Professor Pamela Crossley will explore the ways in which an “emperor tries to publicly embody several cultures and cultural histories at once” during her National Endowment of Humanities fellowship. (photo by Joseph Mehling ’69)
Pamela Crossley, professor of history and Asian and Middle Eastern studies, was awarded a National Endowment for the Humanities (NEH) fellowship for next year for her project entitled “The Imperial Origins of 20th-Century National Identities.” Crossley, who is the Robert 1932 and Barbara Black Professor in Southeast Asian Studies, intends to explore the ways in which nationalism serves not as the source of the destruction of the empire but as “the ultimate phase of the empire.” Crossley will build upon her earlier work regarding “simultaneous rulership” in Qing history.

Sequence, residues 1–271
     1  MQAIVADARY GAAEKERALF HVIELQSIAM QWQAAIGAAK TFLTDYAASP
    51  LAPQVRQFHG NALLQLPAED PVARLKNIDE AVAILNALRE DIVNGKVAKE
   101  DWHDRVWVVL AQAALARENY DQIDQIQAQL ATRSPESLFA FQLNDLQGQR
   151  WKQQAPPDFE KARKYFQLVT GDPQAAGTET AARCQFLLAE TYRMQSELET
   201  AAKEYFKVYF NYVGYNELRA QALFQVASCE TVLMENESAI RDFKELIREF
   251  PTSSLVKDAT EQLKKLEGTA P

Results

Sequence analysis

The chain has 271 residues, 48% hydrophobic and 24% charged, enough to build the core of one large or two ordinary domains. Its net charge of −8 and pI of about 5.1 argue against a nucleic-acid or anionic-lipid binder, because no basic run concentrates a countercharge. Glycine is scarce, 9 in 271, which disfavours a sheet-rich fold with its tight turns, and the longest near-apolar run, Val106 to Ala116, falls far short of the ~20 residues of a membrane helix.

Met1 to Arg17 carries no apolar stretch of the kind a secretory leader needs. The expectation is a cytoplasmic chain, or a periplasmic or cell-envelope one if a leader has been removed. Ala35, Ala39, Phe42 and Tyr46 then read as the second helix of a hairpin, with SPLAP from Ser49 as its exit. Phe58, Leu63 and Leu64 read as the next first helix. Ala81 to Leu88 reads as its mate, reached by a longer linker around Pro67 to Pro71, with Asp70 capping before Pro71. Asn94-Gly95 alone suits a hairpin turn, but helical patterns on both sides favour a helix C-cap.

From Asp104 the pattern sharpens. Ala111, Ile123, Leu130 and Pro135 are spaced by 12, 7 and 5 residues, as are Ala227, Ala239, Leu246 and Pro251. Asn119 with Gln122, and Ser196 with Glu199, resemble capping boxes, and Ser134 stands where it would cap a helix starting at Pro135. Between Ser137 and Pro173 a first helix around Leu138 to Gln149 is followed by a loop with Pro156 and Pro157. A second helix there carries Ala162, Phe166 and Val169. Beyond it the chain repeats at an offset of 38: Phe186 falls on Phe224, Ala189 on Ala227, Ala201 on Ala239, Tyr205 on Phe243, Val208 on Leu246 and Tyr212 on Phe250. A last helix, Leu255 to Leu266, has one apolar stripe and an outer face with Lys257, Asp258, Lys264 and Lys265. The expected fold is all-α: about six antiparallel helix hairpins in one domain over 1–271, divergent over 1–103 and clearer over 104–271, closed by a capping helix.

“For this new project, I am following the effects of simultaneous rulership in four instances —Qing, Russia, Ottoman, and Austria-Hungary—to compare and contrast the ways in which, first, criteria of identity were created and enforced, and second, how these criteria were internalized by self-proclaimed ‘nationalist’ movements at the end of the nineteenth century,” says Crossley.
The NEH was founded in 1965 as an independent federal agency to support research and learning in history, literature, philosophy, and other areas of the humanities by funding selected, peer-reviewed proposals from around the nation.